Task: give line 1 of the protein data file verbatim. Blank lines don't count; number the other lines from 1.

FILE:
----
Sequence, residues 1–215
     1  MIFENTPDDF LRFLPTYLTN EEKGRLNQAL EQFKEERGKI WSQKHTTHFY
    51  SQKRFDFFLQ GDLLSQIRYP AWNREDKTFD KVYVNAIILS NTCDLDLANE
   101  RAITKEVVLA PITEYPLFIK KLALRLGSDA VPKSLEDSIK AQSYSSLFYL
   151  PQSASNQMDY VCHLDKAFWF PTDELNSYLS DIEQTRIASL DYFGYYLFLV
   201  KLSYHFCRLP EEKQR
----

Sequence, residues 1–215